Acts 3:19-21 – Peter said to the people, “Repent, then, and turn to God, so that your sins may be wiped out – that times of refreshing may come from the Lord.” I think, in the King James Bible, it says, “…that times of restitution.” So things are going to be reset and brought back to the way they were. Refreshing means the same thing, I guess. You were okay, and then ran out of steam, and then you were refreshed. And then he said: “So that your sins may be wiped out – that times of refreshing may come from the Lord, and that He may send the Christ, who has been appointed for you, even Jesus. He must remain in heaven until the time comes for God to restore everything, as He promised long ago through His holy prophets.”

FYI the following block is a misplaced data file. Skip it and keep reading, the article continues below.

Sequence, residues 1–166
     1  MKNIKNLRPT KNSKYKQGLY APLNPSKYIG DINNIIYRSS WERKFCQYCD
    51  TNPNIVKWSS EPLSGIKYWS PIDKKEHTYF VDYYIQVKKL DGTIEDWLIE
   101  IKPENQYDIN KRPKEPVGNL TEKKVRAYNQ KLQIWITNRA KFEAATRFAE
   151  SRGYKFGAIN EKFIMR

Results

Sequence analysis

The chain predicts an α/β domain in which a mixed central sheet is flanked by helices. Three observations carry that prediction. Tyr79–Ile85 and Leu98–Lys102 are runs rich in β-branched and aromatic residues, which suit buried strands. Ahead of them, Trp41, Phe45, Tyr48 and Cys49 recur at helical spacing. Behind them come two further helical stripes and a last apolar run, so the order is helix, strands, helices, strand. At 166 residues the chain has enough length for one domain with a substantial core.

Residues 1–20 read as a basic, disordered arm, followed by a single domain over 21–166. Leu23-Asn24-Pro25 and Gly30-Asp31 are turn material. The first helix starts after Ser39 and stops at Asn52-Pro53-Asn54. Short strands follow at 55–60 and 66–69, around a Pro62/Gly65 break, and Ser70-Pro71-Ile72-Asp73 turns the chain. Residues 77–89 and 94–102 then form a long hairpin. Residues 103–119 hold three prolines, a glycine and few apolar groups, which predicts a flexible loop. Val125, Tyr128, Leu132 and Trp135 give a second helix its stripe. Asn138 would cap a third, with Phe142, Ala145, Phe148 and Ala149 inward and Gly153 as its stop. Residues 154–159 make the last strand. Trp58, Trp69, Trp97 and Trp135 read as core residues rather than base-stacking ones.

So He’s up there now, waiting – waiting to get the word from the Father to return to the earth and set things aright. There’s also a place in the Bible where Jesus talked about coming back – when the disciples asked Him. It’s in Matthew 24:3.
Matthew 24:3 – As Jesus was sitting on the Mount of Olives, the disciples came to Him privately, “Tell, us,” they said, “when will this happen and what will be the sign of your coming and of the end of the age?”
So they wanted to know about it. Then the rest of the chapter – Matthew 24 – is Jesus explaining how we could tell when times are getting close. I’m not going to go into that, because there is some pretty graphic stuff in it, but you can look at that and see what you might want to explain out of it. But they were concerned about when He was coming back, and we all are too. We’re all waiting to see what’s going to happen.